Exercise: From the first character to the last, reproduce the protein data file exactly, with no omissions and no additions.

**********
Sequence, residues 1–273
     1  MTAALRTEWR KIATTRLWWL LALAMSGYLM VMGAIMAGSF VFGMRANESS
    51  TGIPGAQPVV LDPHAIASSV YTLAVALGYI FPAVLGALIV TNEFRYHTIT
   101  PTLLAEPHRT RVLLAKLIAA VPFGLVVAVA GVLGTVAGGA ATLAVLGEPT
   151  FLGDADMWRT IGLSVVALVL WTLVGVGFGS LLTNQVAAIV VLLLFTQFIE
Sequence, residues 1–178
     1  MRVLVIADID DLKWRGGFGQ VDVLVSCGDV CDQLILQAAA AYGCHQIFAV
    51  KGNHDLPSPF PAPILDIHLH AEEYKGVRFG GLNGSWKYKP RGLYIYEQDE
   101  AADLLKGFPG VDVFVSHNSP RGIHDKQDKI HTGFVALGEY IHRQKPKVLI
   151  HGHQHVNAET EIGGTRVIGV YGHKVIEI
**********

Sequence, residues 1–273
     1  MTAALRTEWR KIATTRLWWL LALAMSGYLM VMGAIMAGSF VFGMRANESS
    51  TGIPGAQPVV LDPHAIASSV YTLAVALGYI FPAVLGALIV TNEFRYHTIT
   101  PTLLAEPHRT RVLLAKLIAA VPFGLVVAVA GVLGTVAGGA ATLAVLGEPT
   151  FLGDADMWRT IGLSVVALVL WTLVGVGFGS LLTNQVAAIV VLLLFTQFIE
Sequence, residues 1–178
     1  MRVLVIADID DLKWRGGFGQ VDVLVSCGDV CDQLILQAAA AYGCHQIFAV
    51  KGNHDLPSPF PAPILDIHLH AEEYKGVRFG GLNGSWKYKP RGLYIYEQDE
   101  AADLLKGFPG VDVFVSHNSP RGIHDKQDKI HTGFVALGEY IHRQKPKVLI
   151  HGHQHVNAET EIGGTRVIGV YGHKVIEI